"Two days later, on April 14, 2001, at approximately 6 a.m., Tricia Smith was the first employee to arrive for the opening shift at the Friendly's restaurant in Glastonbury. As she entered the restaurant, the petitioner approached her from behind and ‘told [her] to turn off the alarm.’ Smith testified: He told me—he asked me where the safe was, I told him it was in the back dish room, [and] he told me to go back and open it.’ Smith did not see a gun, but the petitioner had something underneath his jacket that looked like one. Smith led the petitioner to the safe, and, after opening it, [the petitioner] told [her] to go into the walk-in cooler. So [she] unlocked it and got in.’ The walk-in refrigerator was ten feet away from the safe, and the petitioner ordered Smith into the refrigerator [j]ust two [or] three minutes’ after she first saw him. Once she was inside the refrigerator, the petitioner told her that he would let [her] know when he was finished’ and when it was safe to come out. Approximately two minutes after entering the refrigerator, Smith heard the petitioner say something that she could not make out. [She] then waited a few more minutes after that’ before she peeked out of the refrigerator to see if the petitioner had left the restaurant. Seeing that the petitioner had left, she exited the refrigerator and ran to the nearby gas station for help.

"Finally, although the petitioner did not testify at [his criminal] trial, his statement to the police was read into the record and became a full exhibit. In that statement, he confessed to both robberies. With respect to the Manchester robbery involving Royer, his statement provided in relevant part: ‘Once we were in the back room, [Royer] opened the safe. After she opened the safe, I asked her which one—which one is the walk-in refrigerator. She pointed to one, and I asked her to step in there for a minute and I'll come back and get you when I'm through. I then took the money out of the safe. ... After I got the money, I left. The manager was still in the refrigerator when I left.’ With respect to the Glastonbury robbery involving Smith, the petitioner's statement provided in relevant part: ‘The only other robbery I did was the one in Glastonbury this morning, [April 14, 2001]. ... I told [Smith] to open the safe. ... After she opened the safe, I told her to get in the refrigerator. After I got the money from the safe, I left.’ " (Footnote omitted.) Id., at 160–62, 194 A.3d 809.

The jury found the petitioner guilty of two counts of kidnapping in the first degree in violation of General Statutes § 53a-92 (a) (2) (B),1 two counts of robbery in the first degree in violation of General Statutes § 53a-134 (a) (4), two counts of burglary in the third degree in violation of General Statutes § 53a-103 (a), and two counts of larceny in the third degree in violation of General Statutes (Rev. to 2001) § 53a-124 (a) (2). The trial court rendered judgment in accordance with the jury verdict and sentenced the petitioner to a total effective term of imprisonment of thirty-six years.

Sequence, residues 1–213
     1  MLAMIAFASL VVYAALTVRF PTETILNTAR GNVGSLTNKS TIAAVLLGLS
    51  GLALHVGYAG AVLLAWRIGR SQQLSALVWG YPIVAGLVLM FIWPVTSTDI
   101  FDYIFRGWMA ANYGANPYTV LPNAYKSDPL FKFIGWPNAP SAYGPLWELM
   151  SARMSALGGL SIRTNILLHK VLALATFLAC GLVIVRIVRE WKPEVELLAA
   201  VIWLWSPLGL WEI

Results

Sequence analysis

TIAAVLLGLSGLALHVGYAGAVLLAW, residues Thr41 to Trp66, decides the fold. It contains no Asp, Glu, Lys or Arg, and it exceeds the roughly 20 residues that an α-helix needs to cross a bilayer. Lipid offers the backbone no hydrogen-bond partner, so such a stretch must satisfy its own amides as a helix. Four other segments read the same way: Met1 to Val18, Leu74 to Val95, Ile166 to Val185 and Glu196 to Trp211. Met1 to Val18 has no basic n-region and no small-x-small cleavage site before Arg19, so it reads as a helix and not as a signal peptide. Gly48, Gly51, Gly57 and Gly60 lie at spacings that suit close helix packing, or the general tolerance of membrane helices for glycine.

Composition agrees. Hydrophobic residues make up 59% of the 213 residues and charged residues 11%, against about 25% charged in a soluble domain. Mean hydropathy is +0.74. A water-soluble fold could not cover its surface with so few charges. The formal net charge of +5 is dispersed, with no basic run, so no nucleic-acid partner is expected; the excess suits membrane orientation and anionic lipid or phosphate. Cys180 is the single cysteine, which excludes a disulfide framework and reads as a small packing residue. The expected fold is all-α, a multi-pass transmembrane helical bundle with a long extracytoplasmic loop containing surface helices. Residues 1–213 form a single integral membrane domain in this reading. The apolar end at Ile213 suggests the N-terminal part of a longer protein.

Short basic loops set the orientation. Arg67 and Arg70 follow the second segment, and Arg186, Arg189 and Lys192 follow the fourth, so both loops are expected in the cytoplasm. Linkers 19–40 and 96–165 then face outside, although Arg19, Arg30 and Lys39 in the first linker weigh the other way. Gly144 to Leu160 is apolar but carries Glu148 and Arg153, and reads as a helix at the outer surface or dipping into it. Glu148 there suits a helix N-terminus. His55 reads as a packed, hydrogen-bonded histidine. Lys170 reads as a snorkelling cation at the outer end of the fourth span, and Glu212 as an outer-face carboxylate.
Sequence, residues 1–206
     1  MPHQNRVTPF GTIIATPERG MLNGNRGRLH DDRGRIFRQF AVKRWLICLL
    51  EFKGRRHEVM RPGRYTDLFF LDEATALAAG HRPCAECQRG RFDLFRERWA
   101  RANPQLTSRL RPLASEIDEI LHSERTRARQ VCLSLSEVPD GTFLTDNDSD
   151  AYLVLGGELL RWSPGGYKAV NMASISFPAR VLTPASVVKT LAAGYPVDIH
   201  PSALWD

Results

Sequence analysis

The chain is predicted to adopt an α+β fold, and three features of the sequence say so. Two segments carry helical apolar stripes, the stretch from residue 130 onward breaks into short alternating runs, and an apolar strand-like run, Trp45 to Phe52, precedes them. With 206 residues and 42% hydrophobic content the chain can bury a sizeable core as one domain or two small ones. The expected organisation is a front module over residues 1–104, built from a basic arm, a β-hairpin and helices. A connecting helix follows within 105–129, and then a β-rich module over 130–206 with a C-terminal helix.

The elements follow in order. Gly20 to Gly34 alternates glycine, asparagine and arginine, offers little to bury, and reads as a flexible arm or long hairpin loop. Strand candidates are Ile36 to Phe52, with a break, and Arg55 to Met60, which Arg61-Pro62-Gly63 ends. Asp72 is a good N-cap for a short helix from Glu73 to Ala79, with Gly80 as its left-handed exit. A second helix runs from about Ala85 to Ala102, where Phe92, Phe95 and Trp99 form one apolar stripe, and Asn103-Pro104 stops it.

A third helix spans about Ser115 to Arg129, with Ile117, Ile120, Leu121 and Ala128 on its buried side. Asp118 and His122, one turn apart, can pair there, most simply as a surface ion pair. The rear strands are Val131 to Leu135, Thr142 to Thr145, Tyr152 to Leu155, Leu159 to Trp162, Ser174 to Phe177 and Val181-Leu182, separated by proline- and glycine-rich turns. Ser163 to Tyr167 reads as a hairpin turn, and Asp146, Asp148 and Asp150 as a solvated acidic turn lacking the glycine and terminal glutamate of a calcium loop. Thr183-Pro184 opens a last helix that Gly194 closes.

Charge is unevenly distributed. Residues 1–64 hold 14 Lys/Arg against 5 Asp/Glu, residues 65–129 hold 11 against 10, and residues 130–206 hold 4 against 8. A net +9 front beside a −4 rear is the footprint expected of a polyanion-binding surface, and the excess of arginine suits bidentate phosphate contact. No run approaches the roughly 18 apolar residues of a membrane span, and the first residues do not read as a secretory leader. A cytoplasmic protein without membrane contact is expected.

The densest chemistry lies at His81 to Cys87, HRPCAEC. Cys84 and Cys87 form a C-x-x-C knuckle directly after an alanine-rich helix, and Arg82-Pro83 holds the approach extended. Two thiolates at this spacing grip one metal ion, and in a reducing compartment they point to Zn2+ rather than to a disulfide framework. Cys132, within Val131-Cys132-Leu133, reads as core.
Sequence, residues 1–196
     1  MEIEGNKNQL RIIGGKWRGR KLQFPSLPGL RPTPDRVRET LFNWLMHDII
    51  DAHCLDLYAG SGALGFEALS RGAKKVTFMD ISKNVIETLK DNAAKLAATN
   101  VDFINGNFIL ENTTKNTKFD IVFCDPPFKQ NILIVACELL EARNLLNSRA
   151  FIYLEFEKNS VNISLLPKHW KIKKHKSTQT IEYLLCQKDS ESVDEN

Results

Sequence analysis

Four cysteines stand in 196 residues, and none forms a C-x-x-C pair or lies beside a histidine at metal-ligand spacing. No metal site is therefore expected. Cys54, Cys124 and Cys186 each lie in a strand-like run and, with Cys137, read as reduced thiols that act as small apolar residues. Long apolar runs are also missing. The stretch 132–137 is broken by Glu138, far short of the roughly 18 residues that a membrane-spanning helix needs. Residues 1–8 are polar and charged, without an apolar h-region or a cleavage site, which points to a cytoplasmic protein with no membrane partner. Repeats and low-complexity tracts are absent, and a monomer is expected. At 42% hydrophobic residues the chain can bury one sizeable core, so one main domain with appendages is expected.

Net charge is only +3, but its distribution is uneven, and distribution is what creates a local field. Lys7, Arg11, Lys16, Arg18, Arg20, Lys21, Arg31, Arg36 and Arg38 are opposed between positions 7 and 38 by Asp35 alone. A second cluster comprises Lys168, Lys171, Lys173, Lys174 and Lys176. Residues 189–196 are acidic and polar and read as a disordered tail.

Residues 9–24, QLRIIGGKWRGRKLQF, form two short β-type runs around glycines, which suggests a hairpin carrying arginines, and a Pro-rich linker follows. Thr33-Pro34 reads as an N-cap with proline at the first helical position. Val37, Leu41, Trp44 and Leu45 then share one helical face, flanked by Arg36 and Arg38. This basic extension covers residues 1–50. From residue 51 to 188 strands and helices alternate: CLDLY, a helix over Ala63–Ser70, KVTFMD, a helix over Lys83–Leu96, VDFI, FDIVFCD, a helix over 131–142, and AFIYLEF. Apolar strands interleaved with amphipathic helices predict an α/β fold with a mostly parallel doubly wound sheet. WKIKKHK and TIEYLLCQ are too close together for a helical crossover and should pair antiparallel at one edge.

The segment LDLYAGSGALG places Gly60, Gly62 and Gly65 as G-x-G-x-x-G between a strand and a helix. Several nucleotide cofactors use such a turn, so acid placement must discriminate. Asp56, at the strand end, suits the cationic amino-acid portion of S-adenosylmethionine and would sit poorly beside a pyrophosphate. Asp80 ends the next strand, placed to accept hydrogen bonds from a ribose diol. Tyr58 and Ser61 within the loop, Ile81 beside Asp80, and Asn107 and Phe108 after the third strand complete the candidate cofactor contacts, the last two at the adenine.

The Appellate Court rejected the petitioner's claims on direct appeal, and this court denied his petition for certification to appeal. See State v. Bell , 93 Conn. App. 650, 652, 891 A.2d 9, cert. denied, 277 Conn. 933, 896 A.2d 101 (2006). At no time on direct appeal did the petitioner challenge the propriety of the trial court's jury instructions on kidnapping.

Subsequently, in 2008, "we decided Salamon , in which we reconsidered our long-standing interpretation of our kidnapping statutes, General Statutes §§ 53a-91 through 53a-94a. ... [In that case] [t]he defendant [Scott Salamon] had assaulted the victim at a train station late at night ... and ultimately was charged with kidnapping in the second degree in violation of [General Statutes] § 53a-94, unlawful restraint in the first degree, and risk of injury to a child. ... At trial, [Salamon] requested a jury instruction that, if the jury found that the restraint had been incidental to the assault, then the jury must [find him not guilty] of the charge of kidnapping. ... [Consistent with established precedent of this court] [t]he trial court declined to give that instruction [and Salamon was convicted of second degree kidnapping in addition to the two other crimes]. ...

"[On appeal, Salamon requested that we reexamine] our long-standing interpretation of the kidnapping statutes to encompass even restraints that merely were incidental to and necessary for the commission of another substantive offense, such as robbery or sexual assault. ... We [did so and] ultimately concluded that [o]ur legislature ... intended to exclude from the scope of the more serious crime of kidnapping and its accompanying severe penalties those confinements or movements of a...

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4 cases
  • State v. McCarthy
    • United States
    • Connecticut Court of Appeals
    • January 18, 2022
    ... ... Our Supreme Court's analyses in Banks and Bell v. Commissioner of Correction , 339 Conn. 79, 259 A.3d 1073 (2021), guide our analysis in the ... ...
  • Banks v. Commissioner of Correction
    • United States
    • Connecticut Supreme Court
    • May 12, 2021
    ...Kahn and Ecker, Js.** PALMER, J. In this certified appeal and the companion case decided herewith; see Bell v. Commissioner of Correction , 339 Conn. 79, 259 A.3d 1073 (2021) ; we again revisit our decision in State v. Salamon , 287 Conn. 509, 949 A.2d 1092 (2008), in which we overruled our......
  • State v. Prudhomme
    • United States
    • Connecticut Court of Appeals
    • January 25, 2022
    ...(Internal quotation marks omitted.) Bell v. Commissioner of Correction , 184 Conn. App. 150, 162, 194 A.3d 809 (2018), aff'd, 339 Conn. 79, 259 A.3d 1073 (2021).In Gomes , the court held that it was apparent that the instructional error complained of was harmful to the defendant, "[g]iven t......
  • Gregory v. Comm'r of Corr.
    • United States
    • Connecticut Court of Appeals
    • April 11, 2023
    ...kidnapping flavor." (Internal quotation marks omitted.) Id. Simply put, any attempt to equate the brief and limited restraints at issue in Bell Salomon with the restraints the petitioner and his accomplices used while they engaged in a series of violent crimes in this case is unavailing. Cf......